“Be on your guard against all kinds of greed; for one’s life does not consist in the abundance of possessions.” (Lk 12:15)
Our lives upon this earth are a fleeting moment in time. Self-interest, greed and social status are folly in the eyes of God. True wisdom seeks God’s will and uses the gifts of our lives for the enrichment of all God’s people.
The wisdom of Ecclesiastes (1:2; 2:21-23) reminds us that wealth, possessions and privilege will not leave this earth with us at the time of our death. The Gospel of Luke (Lk 12: 13-21) echoes this same reminder as Jesus makes clear the dangers of a self-absorbed life. His parable about a rich man who stores up treasures for himself only to have his life taken from him before he can enjoy the fruits of his labor speaks to us today. Some among us sow division, hatred and a callous indifference towards vulnerable groups within society for self-gain and at the expense of those they demean. The moral life neither piles up treasure nor places oneself above others, but lives in humble service to the common good of all, and especially to those in need of our assistance.
We live in a time of moral crisis. Values are under siege from some of our civil and religious leaders. In fact, some extol a personal, even national, self-interest and of entitlement at the expense of people of color, non-christians and those arriving from a variety of other countries. Just recently, their rhetoric escalated to include people from our inner-cities. The values of common decency are being eroded in our society on a daily basis by the escalating racist and white supremacist language of some to advance their own agenda, while many people of faith sit passively in churches, synagogues and mosques.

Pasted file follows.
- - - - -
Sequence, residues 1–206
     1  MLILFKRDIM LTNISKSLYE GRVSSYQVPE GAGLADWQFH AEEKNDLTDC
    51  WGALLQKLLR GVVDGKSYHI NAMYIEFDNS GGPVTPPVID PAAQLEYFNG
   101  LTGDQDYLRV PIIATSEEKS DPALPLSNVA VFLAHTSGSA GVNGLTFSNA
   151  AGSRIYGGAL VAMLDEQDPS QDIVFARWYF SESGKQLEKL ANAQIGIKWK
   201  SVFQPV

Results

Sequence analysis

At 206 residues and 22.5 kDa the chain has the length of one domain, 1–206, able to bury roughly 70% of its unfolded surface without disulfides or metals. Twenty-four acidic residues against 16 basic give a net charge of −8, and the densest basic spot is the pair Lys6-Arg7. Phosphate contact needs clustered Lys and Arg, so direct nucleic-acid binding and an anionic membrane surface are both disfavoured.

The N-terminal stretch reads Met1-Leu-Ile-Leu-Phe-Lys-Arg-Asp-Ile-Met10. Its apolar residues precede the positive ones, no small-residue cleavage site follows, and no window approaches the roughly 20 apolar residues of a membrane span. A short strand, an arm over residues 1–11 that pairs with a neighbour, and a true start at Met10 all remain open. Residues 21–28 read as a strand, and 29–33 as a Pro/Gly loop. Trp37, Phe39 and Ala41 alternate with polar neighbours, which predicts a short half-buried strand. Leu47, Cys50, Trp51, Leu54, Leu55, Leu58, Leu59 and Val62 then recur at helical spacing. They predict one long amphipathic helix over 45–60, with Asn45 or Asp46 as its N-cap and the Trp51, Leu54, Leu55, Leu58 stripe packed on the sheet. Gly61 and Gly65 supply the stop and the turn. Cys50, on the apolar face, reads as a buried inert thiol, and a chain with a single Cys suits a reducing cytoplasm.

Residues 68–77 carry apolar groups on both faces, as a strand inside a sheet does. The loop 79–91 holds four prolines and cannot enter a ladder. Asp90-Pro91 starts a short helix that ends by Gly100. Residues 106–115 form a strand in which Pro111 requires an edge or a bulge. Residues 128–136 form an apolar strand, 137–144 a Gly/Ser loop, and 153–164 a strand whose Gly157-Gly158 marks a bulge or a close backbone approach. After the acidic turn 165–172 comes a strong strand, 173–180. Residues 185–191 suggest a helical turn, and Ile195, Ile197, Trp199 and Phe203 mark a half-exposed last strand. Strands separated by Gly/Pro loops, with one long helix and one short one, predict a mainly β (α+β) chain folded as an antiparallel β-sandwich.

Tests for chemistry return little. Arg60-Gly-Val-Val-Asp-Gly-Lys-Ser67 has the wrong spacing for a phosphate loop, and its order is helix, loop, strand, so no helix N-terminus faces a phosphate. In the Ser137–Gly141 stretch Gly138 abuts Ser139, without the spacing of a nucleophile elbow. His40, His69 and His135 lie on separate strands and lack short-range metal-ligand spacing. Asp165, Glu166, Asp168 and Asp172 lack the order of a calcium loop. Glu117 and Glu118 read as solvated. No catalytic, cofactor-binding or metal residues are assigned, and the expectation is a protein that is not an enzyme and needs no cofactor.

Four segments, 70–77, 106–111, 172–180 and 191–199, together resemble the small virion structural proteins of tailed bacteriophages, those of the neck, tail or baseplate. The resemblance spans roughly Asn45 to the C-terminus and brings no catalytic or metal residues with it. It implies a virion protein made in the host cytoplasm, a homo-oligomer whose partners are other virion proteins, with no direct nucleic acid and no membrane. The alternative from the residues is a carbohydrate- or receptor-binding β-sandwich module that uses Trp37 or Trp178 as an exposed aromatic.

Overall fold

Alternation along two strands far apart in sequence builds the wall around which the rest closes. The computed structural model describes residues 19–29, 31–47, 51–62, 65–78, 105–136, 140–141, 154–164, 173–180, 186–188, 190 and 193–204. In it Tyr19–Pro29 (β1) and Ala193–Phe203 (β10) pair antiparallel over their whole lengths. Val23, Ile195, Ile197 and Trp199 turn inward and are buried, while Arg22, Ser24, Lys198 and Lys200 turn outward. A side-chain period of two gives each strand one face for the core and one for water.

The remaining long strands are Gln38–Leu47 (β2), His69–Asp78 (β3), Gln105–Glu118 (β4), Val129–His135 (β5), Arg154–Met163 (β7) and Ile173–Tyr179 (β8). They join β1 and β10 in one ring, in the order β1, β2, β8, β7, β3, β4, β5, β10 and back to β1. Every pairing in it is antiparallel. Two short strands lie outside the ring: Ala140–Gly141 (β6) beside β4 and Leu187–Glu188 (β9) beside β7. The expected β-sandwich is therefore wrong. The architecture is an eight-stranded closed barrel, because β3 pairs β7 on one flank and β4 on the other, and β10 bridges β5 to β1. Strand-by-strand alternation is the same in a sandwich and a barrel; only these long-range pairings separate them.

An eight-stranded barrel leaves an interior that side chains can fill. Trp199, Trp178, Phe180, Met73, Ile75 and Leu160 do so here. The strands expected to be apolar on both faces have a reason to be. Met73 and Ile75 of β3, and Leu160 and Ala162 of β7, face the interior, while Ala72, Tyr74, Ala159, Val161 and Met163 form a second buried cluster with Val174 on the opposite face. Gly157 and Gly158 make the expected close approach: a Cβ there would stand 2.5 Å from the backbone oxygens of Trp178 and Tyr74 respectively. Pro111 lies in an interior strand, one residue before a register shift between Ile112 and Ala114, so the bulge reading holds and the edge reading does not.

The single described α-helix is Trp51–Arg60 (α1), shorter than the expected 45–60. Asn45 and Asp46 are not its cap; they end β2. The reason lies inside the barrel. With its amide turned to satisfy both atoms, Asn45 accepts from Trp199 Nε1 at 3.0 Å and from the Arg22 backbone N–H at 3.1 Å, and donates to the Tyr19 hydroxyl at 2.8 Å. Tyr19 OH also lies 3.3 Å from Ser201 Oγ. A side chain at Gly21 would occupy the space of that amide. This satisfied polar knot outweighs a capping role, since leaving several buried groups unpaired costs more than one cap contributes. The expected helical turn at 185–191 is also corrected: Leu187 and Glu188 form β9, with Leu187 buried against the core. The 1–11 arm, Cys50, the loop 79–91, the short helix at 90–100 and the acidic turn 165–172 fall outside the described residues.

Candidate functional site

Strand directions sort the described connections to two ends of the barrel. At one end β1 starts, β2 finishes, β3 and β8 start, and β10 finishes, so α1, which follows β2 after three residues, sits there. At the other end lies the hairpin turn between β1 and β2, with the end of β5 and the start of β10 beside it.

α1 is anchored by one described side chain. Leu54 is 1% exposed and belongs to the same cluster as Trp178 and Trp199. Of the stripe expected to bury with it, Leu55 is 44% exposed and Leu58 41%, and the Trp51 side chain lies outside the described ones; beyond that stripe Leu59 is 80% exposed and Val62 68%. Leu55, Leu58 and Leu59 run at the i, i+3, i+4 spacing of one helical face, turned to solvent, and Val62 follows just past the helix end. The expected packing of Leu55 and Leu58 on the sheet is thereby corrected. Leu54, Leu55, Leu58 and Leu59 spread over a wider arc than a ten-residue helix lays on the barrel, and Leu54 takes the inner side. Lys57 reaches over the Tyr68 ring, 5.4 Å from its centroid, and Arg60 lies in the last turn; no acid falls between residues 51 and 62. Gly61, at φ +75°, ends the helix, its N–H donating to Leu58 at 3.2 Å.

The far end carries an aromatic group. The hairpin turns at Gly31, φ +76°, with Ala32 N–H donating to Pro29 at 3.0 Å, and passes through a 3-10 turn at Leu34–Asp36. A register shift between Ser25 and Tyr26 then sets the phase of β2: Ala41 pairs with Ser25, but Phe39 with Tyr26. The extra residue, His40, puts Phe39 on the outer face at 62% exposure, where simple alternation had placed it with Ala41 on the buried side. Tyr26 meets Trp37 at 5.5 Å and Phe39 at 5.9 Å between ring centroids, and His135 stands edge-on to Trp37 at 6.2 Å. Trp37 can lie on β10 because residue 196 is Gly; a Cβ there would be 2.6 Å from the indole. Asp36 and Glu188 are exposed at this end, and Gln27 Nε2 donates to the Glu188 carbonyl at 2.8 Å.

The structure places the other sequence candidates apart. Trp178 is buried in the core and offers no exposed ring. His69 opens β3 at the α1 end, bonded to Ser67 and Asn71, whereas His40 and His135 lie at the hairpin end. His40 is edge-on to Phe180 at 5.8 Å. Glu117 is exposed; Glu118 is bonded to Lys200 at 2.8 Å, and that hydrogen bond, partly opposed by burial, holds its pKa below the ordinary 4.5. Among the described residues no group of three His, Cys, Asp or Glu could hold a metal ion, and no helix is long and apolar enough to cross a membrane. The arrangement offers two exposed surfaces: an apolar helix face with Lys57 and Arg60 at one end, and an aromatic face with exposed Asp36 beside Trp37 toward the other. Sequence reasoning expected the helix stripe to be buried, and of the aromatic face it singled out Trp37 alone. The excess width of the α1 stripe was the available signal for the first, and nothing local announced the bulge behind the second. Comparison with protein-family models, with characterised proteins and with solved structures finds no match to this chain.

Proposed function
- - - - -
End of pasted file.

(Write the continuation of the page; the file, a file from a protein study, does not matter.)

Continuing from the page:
In another time, Dietrich Bonhoeffer, a Lutheran theologian, challenged the people of Germany to choose between the life and death of their souls. Today, that choice is ours. We can choose the cheap grace of an intellectual ascent to faith and passivity in the face of evil, or we can choose the costly grace of faith lived in action on behalf of righteousness. The former is mere folly in the eyes of God, even if it is wrapped in the cloak of liturgical worship. In truth, the cheap grace costs little and has even less salvific value. The latter will lead us, as it did Jesus, beyond our places of worship to walk in solidarity with those who cry out for our help.
Let us pray for those who would divide us for self-gain, but let us condemn their actions. In doing so, we choose life and the true treasure of human existence – to live the costly grace and stand for the values of the kingdom of God in opposition to those who would eradicate them from society. May our courage serve as a witness to the human dignity and rights of all God’s people.